If both jobs had similar technical difficulty, then I'd start getting down to company perks, how much either was willing to pay and what employability is like for specialists in that language.

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Assuming everything else is equal, I would absolutely turn down a VB.NET job in favor of one using C# or F#. I find C# a pleasure to code in, and enjoy writing C#. VB's syntax just irks me.

Having said that, working conditions, pay, or lack of other options could change my mind.

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VB's syntax just irks me. Though it's true for many (I know this because I've been coding in C# from many years but I started on VB6 and then on VB.NET and then C#), but for those who come from VB6 background, it is a very quick to program in as it requires a lot less keys to be pressed than what C# requires. If you just count the number of semi colons and opening braces (closing braces comes by it's own) in a big project, that would be lot of keys. Also it is more readable than C#. For e.g. For Int i = 0 To 10 instead of for(int i =0;i<=10; i++) and IF i = 0 then do something. –  iSid May 4 '11 at 7:08
    
This readability might not be of that much use. But it is useful for the ones who have just started to learn simple programming. –  iSid May 4 '11 at 7:09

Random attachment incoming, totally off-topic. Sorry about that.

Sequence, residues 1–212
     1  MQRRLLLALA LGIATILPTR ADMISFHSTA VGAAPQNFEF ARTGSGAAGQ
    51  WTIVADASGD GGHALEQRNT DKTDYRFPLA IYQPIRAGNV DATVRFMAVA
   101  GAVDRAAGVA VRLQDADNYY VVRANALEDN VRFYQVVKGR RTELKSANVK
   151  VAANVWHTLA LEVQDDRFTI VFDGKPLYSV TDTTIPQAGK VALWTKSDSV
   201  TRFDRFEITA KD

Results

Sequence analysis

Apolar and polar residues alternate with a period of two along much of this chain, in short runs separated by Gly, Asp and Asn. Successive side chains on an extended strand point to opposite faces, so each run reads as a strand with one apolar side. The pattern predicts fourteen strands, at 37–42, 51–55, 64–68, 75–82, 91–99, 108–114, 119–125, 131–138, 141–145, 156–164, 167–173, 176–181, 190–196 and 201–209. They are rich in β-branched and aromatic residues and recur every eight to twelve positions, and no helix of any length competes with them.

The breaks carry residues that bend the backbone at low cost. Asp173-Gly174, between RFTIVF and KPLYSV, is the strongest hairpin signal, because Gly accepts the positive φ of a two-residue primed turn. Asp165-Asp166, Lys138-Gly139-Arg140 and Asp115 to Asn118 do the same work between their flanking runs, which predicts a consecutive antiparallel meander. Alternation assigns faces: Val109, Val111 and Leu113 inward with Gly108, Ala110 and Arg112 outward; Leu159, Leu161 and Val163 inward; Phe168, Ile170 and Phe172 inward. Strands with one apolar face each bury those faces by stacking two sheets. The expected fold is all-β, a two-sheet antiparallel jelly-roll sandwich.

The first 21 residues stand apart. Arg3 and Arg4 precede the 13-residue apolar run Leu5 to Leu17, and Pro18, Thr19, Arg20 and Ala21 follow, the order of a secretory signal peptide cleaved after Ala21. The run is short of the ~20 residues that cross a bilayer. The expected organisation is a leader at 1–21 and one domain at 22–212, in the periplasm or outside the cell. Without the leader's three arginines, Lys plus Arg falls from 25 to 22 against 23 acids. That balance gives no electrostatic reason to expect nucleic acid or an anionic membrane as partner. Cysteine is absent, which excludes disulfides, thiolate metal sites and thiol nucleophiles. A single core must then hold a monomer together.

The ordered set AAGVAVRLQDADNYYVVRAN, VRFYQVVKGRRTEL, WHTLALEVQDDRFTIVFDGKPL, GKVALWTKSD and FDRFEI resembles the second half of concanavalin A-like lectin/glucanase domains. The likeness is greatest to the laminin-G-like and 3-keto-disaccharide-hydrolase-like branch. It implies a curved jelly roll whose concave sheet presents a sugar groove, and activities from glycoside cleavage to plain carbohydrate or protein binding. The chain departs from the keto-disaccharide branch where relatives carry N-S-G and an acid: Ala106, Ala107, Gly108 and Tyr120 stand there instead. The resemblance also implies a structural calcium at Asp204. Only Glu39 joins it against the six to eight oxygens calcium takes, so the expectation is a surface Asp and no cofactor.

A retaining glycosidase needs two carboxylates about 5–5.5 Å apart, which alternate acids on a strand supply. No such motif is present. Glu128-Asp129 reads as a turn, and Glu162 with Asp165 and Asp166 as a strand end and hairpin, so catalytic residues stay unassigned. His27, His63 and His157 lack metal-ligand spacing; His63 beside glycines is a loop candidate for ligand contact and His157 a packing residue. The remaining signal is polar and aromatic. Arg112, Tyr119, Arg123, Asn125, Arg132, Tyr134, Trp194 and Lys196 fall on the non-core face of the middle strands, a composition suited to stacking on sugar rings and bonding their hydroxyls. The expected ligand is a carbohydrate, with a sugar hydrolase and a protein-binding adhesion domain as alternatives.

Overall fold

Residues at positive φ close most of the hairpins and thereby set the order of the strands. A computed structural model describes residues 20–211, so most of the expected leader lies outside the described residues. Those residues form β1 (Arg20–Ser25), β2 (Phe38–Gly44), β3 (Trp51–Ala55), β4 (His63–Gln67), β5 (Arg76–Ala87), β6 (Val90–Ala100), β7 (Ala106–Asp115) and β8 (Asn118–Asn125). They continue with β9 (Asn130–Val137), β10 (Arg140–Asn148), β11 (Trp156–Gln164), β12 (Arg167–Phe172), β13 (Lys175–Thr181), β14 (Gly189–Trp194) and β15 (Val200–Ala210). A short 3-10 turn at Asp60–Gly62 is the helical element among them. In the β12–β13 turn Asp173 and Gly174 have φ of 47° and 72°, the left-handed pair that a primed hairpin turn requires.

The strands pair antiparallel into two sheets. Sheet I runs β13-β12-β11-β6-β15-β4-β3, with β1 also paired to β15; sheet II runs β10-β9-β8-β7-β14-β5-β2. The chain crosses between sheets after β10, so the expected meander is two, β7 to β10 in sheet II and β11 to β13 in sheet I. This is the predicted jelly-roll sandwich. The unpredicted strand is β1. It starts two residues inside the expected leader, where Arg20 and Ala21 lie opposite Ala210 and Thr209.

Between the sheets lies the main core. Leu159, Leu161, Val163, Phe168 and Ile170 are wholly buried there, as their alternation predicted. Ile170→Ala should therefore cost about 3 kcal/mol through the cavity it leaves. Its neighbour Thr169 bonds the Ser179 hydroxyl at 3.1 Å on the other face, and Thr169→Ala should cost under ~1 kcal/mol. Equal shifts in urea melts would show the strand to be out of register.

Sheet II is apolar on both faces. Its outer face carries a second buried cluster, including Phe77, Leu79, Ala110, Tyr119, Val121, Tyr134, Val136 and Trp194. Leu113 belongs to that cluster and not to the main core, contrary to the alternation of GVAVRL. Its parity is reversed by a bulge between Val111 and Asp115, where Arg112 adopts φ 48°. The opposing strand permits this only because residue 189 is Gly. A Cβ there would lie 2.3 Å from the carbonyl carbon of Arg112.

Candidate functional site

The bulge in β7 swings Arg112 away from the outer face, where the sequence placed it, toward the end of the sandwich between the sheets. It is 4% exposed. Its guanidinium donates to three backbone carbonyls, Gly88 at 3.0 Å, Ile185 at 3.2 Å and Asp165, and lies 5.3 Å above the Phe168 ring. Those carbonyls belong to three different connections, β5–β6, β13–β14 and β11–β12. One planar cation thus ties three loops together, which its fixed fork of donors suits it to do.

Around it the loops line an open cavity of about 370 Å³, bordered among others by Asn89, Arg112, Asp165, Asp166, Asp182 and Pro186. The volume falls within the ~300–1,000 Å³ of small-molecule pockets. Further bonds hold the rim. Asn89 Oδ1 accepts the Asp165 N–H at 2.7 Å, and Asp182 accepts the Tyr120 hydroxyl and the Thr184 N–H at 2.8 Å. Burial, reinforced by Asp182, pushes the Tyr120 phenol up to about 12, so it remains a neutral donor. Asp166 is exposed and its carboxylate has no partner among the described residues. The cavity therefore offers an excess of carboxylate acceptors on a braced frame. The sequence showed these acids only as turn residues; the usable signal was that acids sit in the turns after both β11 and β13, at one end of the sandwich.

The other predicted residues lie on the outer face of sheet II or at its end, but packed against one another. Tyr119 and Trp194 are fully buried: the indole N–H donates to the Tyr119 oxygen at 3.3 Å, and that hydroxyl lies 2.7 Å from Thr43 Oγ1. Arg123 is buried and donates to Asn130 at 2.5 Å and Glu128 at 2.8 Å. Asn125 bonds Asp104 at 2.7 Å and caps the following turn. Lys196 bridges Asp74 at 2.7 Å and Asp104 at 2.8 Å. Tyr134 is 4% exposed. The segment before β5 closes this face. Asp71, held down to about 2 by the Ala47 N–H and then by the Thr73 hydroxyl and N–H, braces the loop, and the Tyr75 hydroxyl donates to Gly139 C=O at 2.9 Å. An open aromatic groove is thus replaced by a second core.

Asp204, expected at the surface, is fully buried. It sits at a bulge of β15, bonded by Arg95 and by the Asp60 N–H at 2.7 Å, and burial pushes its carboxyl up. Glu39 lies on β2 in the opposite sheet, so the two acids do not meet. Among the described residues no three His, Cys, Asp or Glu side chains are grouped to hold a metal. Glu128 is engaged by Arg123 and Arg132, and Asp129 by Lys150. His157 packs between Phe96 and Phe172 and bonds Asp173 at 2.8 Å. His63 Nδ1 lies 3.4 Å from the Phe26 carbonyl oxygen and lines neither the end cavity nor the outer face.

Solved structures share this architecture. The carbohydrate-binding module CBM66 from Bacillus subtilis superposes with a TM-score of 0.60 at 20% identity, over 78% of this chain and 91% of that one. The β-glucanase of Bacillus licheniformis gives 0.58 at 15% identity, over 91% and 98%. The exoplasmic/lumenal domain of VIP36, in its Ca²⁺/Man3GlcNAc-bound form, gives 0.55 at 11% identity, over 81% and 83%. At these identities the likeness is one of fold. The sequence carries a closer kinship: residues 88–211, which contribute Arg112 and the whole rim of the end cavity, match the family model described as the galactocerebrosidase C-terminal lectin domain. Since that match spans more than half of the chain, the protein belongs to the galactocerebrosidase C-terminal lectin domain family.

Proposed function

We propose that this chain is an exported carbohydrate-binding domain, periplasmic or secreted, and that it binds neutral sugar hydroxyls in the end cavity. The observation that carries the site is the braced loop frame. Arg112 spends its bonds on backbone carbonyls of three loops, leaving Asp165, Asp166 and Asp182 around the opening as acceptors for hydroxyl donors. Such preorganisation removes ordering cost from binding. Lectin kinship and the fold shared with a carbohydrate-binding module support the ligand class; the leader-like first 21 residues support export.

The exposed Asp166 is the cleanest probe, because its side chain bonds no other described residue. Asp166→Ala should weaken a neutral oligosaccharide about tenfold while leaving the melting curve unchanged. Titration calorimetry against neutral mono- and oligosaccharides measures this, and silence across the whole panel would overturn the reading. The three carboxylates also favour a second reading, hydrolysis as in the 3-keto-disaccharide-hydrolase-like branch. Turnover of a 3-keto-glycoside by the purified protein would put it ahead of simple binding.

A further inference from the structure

@Ismail: Just a thought, but some of the best architectural patterns require more keystrokes initially but are generally believed to increase productivity. –  Mayo May 4 '11 at 18:43
    
@Mayo: yay! COBOL rules ;) –  gbjbaanb May 4 '11 at 21:37
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Sorry @Mayo, but can you please elaborate how do you think architectural patterns relate to language syntaxes? I might be missing some thing you are pointing to. The way I'm thinking of it, I don't think any architectural pattern that can be implemented in C# can't be implemented in VB.NET. –  iSid May 5 '11 at 11:46
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Elaborating on my comment above, yes, I would turn down a job if it were VB.NET (in my case) instead of C#. I actually did turn down one job and stopped myself from applying to a number of other positions which indicated they wanted VB.NET.